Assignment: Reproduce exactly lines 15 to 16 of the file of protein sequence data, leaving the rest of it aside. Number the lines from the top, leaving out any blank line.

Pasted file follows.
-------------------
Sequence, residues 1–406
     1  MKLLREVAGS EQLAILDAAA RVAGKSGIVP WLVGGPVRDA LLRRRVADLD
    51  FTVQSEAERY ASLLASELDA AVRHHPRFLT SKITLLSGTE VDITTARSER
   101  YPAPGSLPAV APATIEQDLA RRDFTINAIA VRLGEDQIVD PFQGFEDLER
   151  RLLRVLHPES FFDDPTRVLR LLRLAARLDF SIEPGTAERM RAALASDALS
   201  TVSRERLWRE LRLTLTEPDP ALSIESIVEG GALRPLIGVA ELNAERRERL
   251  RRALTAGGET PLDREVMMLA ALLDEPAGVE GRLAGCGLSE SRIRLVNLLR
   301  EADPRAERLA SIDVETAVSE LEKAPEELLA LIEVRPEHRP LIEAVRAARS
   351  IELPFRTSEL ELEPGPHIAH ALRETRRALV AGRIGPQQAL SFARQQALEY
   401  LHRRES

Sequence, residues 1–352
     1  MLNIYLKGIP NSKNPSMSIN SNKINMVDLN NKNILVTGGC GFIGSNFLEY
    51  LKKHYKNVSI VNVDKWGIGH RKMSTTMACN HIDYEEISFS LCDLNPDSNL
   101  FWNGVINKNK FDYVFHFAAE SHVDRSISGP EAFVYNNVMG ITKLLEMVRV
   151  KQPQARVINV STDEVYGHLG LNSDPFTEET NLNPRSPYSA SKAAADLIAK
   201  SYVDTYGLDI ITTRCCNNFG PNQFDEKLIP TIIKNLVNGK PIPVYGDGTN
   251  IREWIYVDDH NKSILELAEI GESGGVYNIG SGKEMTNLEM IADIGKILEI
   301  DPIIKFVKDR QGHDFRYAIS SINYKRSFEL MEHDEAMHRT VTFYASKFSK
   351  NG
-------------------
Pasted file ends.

   151  KQPQARVINV STDEVYGHLG LNSDPFTEET NLNPRSPYSA SKAAADLIAK
   201  SYVDTYGLDI ITTRCCNNFG PNQFDEKLIP TIIKNLVNGK PIPVYGDGTN